In their feature debut, In the Land of Brothers [+], showing in Sundance’s World Cinema Dramatic Competition, directorial duo Raha Amirfazli and Alireza Ghasemi focus on three Afghan refugees – Mohammad, Leila and Qasem – who set about starting their lives in Iran, full of hope, only to face decades of hardship.
Cineuropa: Why did you want to tell a story – or, rather, stories – that take place over decades? It’s generations’ worth of trauma.
Raha Amirfazli: We started by writing about Leila. We wanted to turn it into a short, but we understood it wasn’t the whole story of Afghan refugees in Iran. You couldn’t convey all the hardships and mistreatments this way. We had to come up with another structure to convey a much bigger picture.
Alireza Ghasemi: We both have a personal connection to Afghan refugees in Iran, but after we delved into it more and more, we noticed it’s a very repetitive, disastrous situation. You would think that after 40 years living in a country, you would be granted citizenship. That’s not the case for them. When you talk about different generations, you can address it better.
You show people who are in never-ending purgatory. We saw the same thing happen in the USA or after Brexit. You wait and wait, and never fully belong.
AG: It’s a situation we are both in the middle of: Raha is based in New York; I’m based in Paris. In Iran, so many try to emigrate, and then we have people from Afghanistan or Pakistan trying to get in. This sense of “otherness” is very common. With Afghan refugees, there are so many connections. We speak the same language, share the same culture. And yet suddenly, when this political border comes in, people start to think they are on different sides.
These are “invisible” characters. They never scream; they whisper. Did you always intend to focus on smaller stories?
RA: So many aspects of this film became more personal to me after I left Iran. This feeling of being homesick often translates to missing one’s family. That’s why the relationships in the film work the way they do. You should be able to talk to your family, but they can’t. These stories might be small, but the consequences are big.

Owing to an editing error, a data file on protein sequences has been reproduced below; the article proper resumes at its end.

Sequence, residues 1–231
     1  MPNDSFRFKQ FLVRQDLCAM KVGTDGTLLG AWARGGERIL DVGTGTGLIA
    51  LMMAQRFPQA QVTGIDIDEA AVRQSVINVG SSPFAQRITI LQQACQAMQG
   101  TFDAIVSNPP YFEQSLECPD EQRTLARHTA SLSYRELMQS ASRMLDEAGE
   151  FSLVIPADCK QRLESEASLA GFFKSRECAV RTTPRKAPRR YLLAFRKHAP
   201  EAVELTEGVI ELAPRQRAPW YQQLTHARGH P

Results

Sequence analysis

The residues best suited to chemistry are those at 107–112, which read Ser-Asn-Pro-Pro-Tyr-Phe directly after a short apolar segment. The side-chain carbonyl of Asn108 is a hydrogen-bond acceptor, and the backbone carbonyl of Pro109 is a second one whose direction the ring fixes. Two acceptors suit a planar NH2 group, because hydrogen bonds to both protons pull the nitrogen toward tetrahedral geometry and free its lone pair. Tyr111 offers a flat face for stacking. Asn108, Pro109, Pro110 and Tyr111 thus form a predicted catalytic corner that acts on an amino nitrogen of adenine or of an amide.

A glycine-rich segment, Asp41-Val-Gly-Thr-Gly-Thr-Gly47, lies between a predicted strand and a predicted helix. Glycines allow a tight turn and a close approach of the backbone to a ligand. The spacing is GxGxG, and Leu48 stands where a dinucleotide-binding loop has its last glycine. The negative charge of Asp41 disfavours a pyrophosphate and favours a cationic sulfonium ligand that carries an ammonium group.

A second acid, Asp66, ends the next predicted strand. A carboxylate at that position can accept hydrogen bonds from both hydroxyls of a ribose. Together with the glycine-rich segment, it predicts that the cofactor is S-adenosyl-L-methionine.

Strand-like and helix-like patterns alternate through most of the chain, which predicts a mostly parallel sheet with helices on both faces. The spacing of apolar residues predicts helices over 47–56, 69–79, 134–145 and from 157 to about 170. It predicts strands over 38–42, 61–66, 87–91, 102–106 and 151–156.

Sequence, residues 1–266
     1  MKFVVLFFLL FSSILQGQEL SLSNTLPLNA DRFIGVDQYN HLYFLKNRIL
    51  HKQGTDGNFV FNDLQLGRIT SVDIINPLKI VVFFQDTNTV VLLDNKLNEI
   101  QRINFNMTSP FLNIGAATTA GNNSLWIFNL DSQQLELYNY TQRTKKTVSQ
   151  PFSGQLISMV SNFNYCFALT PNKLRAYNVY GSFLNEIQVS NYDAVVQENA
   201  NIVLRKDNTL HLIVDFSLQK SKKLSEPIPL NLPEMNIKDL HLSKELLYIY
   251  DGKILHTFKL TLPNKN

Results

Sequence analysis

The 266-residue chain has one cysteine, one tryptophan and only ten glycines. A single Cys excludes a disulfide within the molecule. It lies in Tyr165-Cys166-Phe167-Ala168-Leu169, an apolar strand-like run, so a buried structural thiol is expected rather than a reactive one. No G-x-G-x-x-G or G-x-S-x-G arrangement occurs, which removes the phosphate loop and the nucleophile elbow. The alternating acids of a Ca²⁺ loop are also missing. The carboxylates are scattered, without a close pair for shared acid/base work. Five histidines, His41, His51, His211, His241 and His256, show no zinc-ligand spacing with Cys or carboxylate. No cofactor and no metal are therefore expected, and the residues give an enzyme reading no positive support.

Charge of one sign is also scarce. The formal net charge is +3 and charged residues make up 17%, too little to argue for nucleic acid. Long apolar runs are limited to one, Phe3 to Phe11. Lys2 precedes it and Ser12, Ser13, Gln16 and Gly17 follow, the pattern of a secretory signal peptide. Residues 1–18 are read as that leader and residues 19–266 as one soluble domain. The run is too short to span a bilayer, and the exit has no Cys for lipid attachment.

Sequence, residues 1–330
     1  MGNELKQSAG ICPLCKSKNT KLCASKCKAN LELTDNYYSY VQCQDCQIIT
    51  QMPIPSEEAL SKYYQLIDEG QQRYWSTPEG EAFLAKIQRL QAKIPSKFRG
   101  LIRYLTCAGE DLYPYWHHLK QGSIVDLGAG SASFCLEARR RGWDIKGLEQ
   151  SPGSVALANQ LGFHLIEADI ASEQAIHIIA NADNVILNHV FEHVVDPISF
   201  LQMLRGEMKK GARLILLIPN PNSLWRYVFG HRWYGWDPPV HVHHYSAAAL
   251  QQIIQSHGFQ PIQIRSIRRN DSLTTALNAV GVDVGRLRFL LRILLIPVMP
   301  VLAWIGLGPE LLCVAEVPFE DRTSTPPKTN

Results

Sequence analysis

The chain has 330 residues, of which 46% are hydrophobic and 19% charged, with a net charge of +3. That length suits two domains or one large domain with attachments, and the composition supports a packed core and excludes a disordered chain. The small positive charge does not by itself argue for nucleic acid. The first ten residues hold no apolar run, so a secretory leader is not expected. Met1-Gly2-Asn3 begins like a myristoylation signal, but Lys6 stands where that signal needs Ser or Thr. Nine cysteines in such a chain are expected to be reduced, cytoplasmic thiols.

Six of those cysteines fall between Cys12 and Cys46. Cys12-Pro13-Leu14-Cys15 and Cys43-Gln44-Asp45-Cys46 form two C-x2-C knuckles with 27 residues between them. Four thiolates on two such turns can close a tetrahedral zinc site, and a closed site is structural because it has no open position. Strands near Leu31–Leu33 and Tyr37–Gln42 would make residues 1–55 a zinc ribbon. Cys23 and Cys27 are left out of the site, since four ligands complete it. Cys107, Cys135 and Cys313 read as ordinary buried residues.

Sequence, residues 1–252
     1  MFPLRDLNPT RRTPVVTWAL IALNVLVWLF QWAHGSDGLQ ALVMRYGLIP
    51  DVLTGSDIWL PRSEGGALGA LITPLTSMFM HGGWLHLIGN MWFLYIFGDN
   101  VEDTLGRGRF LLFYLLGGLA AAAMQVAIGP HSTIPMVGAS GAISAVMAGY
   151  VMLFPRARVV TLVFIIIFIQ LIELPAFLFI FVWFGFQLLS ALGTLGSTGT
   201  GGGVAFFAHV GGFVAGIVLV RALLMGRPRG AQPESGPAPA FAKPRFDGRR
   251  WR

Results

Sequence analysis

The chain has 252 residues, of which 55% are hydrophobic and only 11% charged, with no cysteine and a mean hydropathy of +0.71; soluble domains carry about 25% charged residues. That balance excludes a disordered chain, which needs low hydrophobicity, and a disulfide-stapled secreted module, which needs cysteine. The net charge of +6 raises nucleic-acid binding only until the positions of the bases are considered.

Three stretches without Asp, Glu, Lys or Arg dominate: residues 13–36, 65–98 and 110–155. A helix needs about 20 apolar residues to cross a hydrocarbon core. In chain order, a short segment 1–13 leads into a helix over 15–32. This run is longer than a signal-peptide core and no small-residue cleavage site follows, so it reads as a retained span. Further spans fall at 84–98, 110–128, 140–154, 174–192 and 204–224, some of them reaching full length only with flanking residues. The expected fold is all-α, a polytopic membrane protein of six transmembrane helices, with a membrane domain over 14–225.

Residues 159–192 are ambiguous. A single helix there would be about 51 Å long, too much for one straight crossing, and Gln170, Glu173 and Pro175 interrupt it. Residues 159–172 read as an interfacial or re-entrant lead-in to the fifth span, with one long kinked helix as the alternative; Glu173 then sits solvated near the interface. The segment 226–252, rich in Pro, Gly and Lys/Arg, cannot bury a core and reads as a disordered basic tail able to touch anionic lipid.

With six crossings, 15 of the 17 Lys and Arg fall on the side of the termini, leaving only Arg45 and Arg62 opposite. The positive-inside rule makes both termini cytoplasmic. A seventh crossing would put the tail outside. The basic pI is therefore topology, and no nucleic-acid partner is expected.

AG: If, as a refugee, you can’t become the president of your new country, it’s probably unfair, but smaller obstructions can be even more painful. So many Afghan refugees can’t open a bank account! Five years ago, I read that they couldn’t even buy metro tickets, because they didn’t have the same IDs as the Iranians. The government ignores even such basic needs.
Which might explain why everyone here seems so lonely. Leila, for one, has to deal with unimaginable pain while others are celebrating. There is no one to turn to.
AG: The opposite of togetherness is loneliness, but also otherness. People go into panic mode and can’t ask for help – I think that’s their reality at the moment. You are not allowed to address your problems, because addressing them will cause more problems.
RA: When people see you as “the other”, they feel you are not one of them. It’s a concept that mainly the immigrant community has to deal with, and I think it will keep happening even more often.
Were you trying to involve the Afghan community in the film? Was it important to you?
RA: We were lucky to connect with a local theatre that works with them. They stage plays and watch movies together. We started to see a lot of people. It was six or seven months of casting because everyone would then introduce us to their cousins [laughs]. The people you see are either Afghan Hazaras [from the northern mountains of Afghanistan] or they were born in Tehran as second generation.
I talk to directorial duos a lot these days, whereas even a few years ago, it was rarely the case. Was it easier, making this film together?
RA: People think that having a co-director makes things easier, but basically you need to double the amount of pre-production. Still, if you find the right partner, you can get great results.
AG: We have been collaborating for seven years now. We met in film school and started to work on each other’s projects, then we made the short Solar Eclipse. I guess I like it because it brings a lot to a film.
Do you think the movie might be controversial, especially locally? You are airing many dirty secrets here.
AG: I am worried about it, but I don’t care. Whenever I talk to someone from Iran about this situation, they either claim it doesn’t exist or say: “We have other problems.” In such cases, you need to be blunt and direct. It will be controversial, yes, and I don’t have a problem with that. Before, I was online and noticed that Afghan people were already talking about the film. But they immediately assumed it would be against them.
RA: During casting, many said: “Yes, this story happened to me, too.” We couldn’t hold back – we had to tell the whole truth. With Ali being in Paris and me being in New York, there is no way we can go back to Iran now.